Gays under pressure

'You've come a long way, black gays' read large signs at the entrance to KwaMashu in KZN. It's probably true – the proof is that the signs are still undamaged, unlike the defaced margarine ads alongside.

There is strong disapproval of homosexuality inherent in many black African cultures – as demonstrated by President Robert Mugabe's discrimination against gays in Zimbabwe and, more recently, Namibian president Sam Nujoma advocating the arrest, imprisonment and deportation of homosexuals.

Is 'sexual conversion' possible?
Nevertheless, in SA – which guarantees freedom of sexual orientation in its legislation – more and more gays 'come out' every year, most shebeens welcome gay clientele and Meadowlands in Soweto and Sebokeng near Vereeniging are widely recognised as gay-friendly townships. Yet, despite this acceptance, de-gaying – or attempting to convert gays into heterosexuals – is an ongoing concern in many charismatic churches.

In Durban it's escalating to such an extent that the Gay and Lesbian Community & Health Centre has a full-time religious projects co-ordinator. He plans workshops with the churches who still regard homosexuality as an abomination and arranges religious counselling from gay-friendly pastors for those who need it.

'There is still prejudice, fear and discrimination around,' says Nonhlanhla Mkhize, the centre manager. 'Many gays, particularly those from small towns and traditional families, hide their sexuality. Others have been intimidated by preachers quoting the scriptures. This makes them easy targets for churches offering conversion to a heterosexual lifestyle.'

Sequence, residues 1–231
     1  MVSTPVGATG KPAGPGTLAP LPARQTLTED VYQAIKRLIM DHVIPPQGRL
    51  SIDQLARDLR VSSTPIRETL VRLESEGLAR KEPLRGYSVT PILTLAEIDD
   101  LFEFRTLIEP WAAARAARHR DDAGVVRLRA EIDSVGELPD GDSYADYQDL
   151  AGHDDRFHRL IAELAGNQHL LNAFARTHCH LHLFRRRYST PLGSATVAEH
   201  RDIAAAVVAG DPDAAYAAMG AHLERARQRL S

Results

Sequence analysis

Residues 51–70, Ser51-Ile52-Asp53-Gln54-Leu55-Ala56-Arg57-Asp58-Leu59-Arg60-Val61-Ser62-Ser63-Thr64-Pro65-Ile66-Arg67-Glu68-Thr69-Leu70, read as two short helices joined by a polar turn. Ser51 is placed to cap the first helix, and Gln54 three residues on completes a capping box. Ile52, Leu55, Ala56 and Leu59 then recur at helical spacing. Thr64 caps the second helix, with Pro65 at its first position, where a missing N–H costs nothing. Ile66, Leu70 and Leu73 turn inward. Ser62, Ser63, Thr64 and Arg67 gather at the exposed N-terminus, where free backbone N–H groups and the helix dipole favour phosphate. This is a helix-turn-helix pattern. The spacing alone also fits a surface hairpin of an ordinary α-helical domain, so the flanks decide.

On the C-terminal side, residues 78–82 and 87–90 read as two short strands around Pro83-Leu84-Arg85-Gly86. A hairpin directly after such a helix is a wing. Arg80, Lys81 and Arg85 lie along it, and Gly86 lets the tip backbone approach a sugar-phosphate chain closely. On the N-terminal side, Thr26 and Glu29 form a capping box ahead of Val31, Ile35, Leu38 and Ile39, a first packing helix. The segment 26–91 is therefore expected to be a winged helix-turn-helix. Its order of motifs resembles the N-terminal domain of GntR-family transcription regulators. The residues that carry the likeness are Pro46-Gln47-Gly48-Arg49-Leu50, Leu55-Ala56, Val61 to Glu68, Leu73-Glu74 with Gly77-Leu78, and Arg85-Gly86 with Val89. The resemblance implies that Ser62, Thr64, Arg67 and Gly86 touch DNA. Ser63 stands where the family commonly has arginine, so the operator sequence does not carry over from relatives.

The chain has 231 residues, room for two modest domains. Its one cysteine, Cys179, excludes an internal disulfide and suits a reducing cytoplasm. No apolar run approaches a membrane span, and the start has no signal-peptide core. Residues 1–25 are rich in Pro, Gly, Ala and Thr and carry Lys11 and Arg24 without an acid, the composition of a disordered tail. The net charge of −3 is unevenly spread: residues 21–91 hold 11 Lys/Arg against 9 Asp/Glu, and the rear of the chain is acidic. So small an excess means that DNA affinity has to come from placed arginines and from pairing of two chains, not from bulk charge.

It also raises a fundamental issue: is sexual conversion possible? Those secure in their identity say it isn't. Others feel that if their motivation is strong enough, miracles may yet happen. Den, 28, feels he can change. 'I want a family and, with the help of God, I'll have one.'

God is Den's last hope, because willpower and psychiatry have failed him. 'Dating, marriage and parenthood are normal for most young men, but it's different for me because I'm gay,' he says. 'I struggled against it until I moved to Durban. Then I met others like me, so I just relaxed and enjoyed it. For the first time I felt comfortable with my real identity and was happy.'

Then disaster struck. Den's brother was killed, his father had a heart attack and he had to go home. 'My parents are old and broken. They expect a daughter-in-law to look after them, grandchildren to love and, above all, another generation for our family business, which they've worked very hard to build.

'What a mess! I've known I was gay since childhood, long before I first had sex with another boy. Now, 20 years later, I'm expected to turn to women!'

Week by week the pressure mounted for Den. The elders spoke to him, the sangoma mixed love potions and, worst of all, he began to feel that perhaps his lifestyle was wrong. He knew his parents would never accept he was gay and his guilt turned into depression. 'In the end, I got desperate,' he recalls. 'I tried Prozac and counselling, but I just couldn't kick my feelings.'

Then, suddenly, Den's doubts ended. He drifted into His People, a charismatic church, in which God is presented as a readily accessible figure who does not speak the old-fashioned language of the Bible, but uses trendy, modern jargon.

'Something happened to me in that worship centre ? I joined an army that mobilises itself to fight Satan's kingdom on the streets,' he says. 'It also confirmed my fears that homosexuality was wrong because the Bible says: "You shall not lie with a male as one lies with a female. It is an abomination." The great thing is that this church provides help for people like me.'